Legends about Geronimo abound. He was never a proper chief, but it was said he had the power to see the future and to stop bullets, and time itself. After being chased up into the Robledo (some accounts say Superstition) Mountains by U.S. soldiers, he and his band took shelter in a certain cave and never emerged. The soldiers finally gave up. Of course Geronimo popped up again somewhere else.
I don’t know what exactly resonates with me and the story of Geronimo. I’m not the least bit Indian. I guess I like an underdog, and to read about tenacious individuals. I think it’s people like Geronimo that form the concept of the American individual, even fighting the American government as he did (and as Americans have done and must still sometimes do). I believe Geronimo inspires the legacy of resistance to tyranny upon which the American ideal was founded.
So what happened to Geronimo?
Well, after a long life on three different reservations, he died in Oklahoma in 1909, far away from Apacheria. The legends didn’t stop there of course. In a fittingly ironic twist, rumors still persist today that Prescott Bush of the infamous Bush clan stole Geronimo’s skull while serving as an Army volunteer at Ft. Sill and spirited it to the Yale headquarters of the Skull and Bones society, assembly line of elitist oligarchs since 1839 . This is generally refuted as Geronimo’s grave was unmarked at the time.
Several movies were made about him, the best probably being Geronimo: An American Legend with Wes Studi in the title role.
Chuck ‘The Rifleman’ Connors played him too. I like Chuck Connors.
I like John Wayne. John Wayne played Genghis Khan once…’nuff said.
Geronimo’s other legacy is the famous World War II paratrooper call mentioned above, which was first enacted by Georgian Private Aubrey Eberhardt of the fledgling Parachute Test Platoon at Ft. Benning. The day before his first jump out of an airplane, Aubrey and some friends watched a 1939 Paramount movie starring the imposing Victor ‘Chief Thundercloud’ Daniels (a Cherokee actor who originated the role of Tonto in the early Lone Ranger serials) in the titular role of Geronimo. Chided about his nervousness later by his fellows, Eberhardt promised that to prove he could sustain his courage while plummeting thousands of feet, tomorrow he would call out to them a certain phrase as he jumped, to let them know he hadn’t lost his nerve.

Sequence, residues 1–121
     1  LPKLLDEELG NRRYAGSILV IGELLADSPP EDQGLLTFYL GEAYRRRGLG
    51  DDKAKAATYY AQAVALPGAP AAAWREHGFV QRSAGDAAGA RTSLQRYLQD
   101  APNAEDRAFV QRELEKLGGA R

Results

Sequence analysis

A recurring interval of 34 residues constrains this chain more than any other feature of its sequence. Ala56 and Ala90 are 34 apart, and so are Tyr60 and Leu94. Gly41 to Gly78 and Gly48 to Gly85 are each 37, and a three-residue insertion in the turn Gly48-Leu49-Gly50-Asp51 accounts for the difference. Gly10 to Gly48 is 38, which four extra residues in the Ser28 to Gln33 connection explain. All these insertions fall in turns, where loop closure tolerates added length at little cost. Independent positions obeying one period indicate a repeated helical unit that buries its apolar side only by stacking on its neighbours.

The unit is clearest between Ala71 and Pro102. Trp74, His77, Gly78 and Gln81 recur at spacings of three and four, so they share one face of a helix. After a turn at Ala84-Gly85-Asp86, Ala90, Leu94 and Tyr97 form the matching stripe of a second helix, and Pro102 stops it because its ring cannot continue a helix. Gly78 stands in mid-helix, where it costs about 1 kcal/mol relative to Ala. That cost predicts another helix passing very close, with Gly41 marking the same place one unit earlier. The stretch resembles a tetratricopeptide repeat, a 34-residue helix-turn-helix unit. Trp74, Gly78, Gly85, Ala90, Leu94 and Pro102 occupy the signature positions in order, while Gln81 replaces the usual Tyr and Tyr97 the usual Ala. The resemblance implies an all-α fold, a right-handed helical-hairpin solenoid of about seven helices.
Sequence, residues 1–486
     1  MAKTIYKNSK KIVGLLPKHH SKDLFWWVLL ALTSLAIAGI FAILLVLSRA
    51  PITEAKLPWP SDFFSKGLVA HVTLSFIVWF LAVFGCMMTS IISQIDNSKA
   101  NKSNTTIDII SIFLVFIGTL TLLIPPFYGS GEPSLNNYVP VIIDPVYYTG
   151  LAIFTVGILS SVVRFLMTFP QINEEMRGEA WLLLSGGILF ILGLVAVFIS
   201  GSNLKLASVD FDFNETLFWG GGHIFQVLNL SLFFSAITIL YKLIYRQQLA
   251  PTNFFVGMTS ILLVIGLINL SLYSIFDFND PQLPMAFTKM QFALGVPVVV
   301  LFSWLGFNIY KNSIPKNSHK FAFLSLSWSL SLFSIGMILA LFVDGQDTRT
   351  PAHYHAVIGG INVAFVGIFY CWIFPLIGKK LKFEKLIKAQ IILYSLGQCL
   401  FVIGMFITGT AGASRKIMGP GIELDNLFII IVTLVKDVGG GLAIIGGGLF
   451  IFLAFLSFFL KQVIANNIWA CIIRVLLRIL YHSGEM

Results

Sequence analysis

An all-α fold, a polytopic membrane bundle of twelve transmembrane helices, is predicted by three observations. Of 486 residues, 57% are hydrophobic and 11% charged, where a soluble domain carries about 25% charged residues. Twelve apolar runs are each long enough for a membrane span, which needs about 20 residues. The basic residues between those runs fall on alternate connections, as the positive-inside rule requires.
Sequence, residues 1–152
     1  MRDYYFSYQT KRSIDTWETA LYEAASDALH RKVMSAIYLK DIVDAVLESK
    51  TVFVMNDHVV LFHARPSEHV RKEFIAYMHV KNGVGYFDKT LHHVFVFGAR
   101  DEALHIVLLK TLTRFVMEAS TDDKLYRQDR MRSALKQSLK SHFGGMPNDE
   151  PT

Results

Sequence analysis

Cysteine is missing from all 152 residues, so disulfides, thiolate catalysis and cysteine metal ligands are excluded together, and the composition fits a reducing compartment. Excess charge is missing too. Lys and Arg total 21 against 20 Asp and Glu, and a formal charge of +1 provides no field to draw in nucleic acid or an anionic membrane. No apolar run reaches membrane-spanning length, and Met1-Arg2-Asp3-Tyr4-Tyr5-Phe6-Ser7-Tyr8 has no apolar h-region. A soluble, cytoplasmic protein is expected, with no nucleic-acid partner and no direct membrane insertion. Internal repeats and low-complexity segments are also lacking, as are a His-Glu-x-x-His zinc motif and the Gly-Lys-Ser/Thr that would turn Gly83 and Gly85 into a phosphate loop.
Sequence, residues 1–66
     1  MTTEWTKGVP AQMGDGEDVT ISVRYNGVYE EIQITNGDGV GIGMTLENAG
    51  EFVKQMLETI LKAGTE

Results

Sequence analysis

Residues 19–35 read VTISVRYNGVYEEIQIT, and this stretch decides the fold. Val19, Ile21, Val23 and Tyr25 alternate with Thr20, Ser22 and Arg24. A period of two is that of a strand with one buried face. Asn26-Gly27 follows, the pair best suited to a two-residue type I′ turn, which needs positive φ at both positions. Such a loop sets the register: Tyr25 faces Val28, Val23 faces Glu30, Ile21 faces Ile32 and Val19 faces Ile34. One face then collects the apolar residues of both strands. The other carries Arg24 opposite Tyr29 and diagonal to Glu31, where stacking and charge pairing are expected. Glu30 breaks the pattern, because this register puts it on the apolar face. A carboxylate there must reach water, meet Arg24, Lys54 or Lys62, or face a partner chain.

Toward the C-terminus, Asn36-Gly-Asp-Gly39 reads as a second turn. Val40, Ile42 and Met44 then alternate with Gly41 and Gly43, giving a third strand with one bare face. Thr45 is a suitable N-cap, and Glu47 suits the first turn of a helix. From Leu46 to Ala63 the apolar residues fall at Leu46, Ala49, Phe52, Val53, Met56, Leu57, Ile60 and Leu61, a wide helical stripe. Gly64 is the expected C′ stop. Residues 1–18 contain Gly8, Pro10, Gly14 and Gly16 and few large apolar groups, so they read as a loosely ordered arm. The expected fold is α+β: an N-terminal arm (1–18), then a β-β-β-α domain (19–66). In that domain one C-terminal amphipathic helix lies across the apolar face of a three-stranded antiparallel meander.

The distinctive word he chose was ‘Geronimo.’
In the months to come, as the number of trainees grew into five full blown Airborne Divisions, the paratroopers carried the battle cry to the skies over Europe. The first division to be instated, the 501st Parachute Infantry Batallion, chose the name as their motto and insignia. The 50th PIR also adapted the name, and Geronimo’s warrior legacy (whether the soldiers were aware of it or not) landed at D-Day with the men of the 101st Airborne, who wore war paint and shaved their heads into mohawks (and still do).
Colonel Byron Page of the 11th Airborne wrote the classic paratrooper cadence Down From Heaven, which goes –
and there’s Hell to pay below
shout “GERONIMO” “GERONIMO”.
It’s a gory road to glory
but we’re ready here we go
shout “GERONIMO” “GERONIMO”.
Hit the silk and check your canopy
and take a look around
The air is full of troopers
set for battle on the ground
killed on Leyte and Luzon
shout “GERONIMO” “GERONIMO”.
The ‘eleven’ refers to the number of jumpers in a plane (which coincidentally brings us back to Matt Smith, the 11th incarnation of Doctor Who, who yells Geronimo in his debut episode, The Eleventh Hour) .
And that’s about all I have to say about Geronimo, the man and the phrase.
But how the hell does Geronimo fit into Merkabah Rider anyway?
1880 is dawning and The Great Old Ones are coming.
A war to clear their path is being fought in the Southwest and the Outer Gods are fielding their Native American general, Misquamacus (of The Lurker On The Threshold and The Manitou), who drifts into the San Carlos Reservation preaching victory over the invading whites. The greatest guerilla force extant is the Apache. Vittorio, Juh, and Nana are at the height of their powers, and Misquamacus calls a meeting at one of the great hidden strongholds deep within the Sierra Madres. All the Indian must do to defeat the white man and the Mexican forever is to turn from the veneration of Usen and fight for the Great Old Ones.
And among the gathered warriors is a broad, silent man with hatred in his ears, but the teachings of his murdered mother in his heart. A man who wrote;
“When a child my mother taught me the legends of our people; taught me of the sun and sky, the moon and stars, the clouds and storms. She also taught me to kneel and pray to Usen for strength, health, wisdom, and protection. We never prayed against any person, but if we had aught against any individual we ourselves took vengeance. We were taught that Usen does not care for the petty quarrels of men….while I live, I want to live well.”